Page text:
When the reader first meets Leora, she is a sharp-tongued and witty nurse in training, ready to rebuff Martin's arrogance. She is a working, down-to-earth woman with a mind of her own. And yet as the novel progresses she seems to become less forceful. She gives up nursing although she does take up stenography, and she seems, at times, ambitious and self-effacing, giving her life over to her love for Martin.
There is no doubt of Leora's love, faithfulness, and support for Martin. She is always willing to move for his work and she understands his need to be a "laboratory man." In fact she often accompanies his sleepless nights at work. It is true that Leora gives up her career for Martin, but, then again, from the beginning she had claimed that she did not have much ambition and did not really have a passion for nursing. However, it would be unfair to say that Leora loses her strength as the novel progresses because she never loses a moment's chance to tell her husband exactly how she feels. She also is constantly reminding him of who he is, and their marriage is one of true companionship and love, despite Martin's temptations elsewhere (Orchid and Joyce).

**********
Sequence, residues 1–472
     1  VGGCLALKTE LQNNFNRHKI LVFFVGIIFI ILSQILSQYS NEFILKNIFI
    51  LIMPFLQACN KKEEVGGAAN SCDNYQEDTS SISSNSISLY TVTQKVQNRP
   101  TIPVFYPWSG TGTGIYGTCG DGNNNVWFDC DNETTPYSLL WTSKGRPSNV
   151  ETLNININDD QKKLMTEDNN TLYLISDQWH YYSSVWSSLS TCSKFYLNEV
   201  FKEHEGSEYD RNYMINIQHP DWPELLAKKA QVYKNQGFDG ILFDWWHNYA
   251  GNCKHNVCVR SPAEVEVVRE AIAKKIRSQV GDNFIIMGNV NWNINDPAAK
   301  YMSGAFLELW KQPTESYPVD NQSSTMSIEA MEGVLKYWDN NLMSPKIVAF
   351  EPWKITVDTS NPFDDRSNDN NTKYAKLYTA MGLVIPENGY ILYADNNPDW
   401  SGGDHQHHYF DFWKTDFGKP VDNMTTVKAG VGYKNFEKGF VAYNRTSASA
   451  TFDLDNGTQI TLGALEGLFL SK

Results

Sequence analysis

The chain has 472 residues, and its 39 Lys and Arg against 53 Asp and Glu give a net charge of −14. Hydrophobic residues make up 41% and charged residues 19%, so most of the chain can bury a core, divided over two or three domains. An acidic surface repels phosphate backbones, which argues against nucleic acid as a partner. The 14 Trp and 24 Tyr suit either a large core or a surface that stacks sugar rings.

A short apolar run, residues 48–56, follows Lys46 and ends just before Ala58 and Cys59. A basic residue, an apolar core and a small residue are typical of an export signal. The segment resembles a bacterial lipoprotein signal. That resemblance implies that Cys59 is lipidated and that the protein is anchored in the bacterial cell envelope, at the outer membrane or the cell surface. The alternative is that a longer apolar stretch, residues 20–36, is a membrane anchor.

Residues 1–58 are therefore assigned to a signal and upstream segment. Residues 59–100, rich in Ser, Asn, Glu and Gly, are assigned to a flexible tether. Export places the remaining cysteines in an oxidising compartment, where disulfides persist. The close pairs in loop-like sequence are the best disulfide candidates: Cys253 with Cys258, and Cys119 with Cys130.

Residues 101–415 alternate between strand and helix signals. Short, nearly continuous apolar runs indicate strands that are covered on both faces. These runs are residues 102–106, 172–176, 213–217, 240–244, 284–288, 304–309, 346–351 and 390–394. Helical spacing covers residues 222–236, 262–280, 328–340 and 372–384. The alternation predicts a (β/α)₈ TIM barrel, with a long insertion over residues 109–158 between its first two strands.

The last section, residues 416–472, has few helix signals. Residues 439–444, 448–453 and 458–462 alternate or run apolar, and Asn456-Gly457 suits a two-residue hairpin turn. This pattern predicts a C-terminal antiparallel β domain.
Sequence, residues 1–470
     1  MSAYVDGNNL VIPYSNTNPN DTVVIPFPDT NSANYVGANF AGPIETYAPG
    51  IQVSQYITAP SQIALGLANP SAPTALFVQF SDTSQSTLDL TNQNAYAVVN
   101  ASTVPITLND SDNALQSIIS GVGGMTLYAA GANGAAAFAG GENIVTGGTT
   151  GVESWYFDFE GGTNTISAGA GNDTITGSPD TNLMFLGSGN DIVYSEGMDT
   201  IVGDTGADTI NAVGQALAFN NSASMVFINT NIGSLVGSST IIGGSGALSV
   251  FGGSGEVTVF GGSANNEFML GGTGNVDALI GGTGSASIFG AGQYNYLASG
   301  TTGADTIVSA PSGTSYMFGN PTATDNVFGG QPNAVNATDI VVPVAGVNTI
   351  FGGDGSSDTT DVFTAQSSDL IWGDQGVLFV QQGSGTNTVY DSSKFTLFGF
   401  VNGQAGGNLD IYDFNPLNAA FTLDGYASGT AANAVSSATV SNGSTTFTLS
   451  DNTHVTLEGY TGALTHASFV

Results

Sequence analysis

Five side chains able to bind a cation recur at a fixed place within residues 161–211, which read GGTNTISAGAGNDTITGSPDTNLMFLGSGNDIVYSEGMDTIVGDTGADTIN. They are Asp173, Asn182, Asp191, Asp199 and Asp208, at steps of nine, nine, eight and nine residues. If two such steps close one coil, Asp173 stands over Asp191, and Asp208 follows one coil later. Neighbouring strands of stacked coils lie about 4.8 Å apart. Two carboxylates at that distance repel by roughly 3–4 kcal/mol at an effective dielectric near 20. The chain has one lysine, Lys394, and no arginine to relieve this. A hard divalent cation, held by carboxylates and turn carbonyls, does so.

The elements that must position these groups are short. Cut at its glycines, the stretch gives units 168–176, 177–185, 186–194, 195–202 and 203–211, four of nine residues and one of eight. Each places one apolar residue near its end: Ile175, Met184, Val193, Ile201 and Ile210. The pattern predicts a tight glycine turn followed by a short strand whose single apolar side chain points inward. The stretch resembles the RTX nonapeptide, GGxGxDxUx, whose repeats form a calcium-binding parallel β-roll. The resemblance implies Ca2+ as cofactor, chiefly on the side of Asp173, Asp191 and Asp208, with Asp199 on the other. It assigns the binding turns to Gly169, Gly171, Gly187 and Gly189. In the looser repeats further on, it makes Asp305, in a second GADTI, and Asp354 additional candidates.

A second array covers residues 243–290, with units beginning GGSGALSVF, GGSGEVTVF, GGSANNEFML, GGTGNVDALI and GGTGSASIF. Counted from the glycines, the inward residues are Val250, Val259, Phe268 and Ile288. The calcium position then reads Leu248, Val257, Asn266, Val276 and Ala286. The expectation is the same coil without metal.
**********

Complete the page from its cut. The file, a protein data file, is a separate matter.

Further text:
As the novel progresses it becomes apparent that Martin cannot live without Leora. He is constantly thinking of his need for her and his gratitude towards her. And yet, it was because of Leora that Martin had to give up the lab initially and move to Wheatsylvania. And, further, it is not until Leora dies that Martin is able to raise himself up in courage against the institutes he has worked for and join Terry Wickett in his independence.
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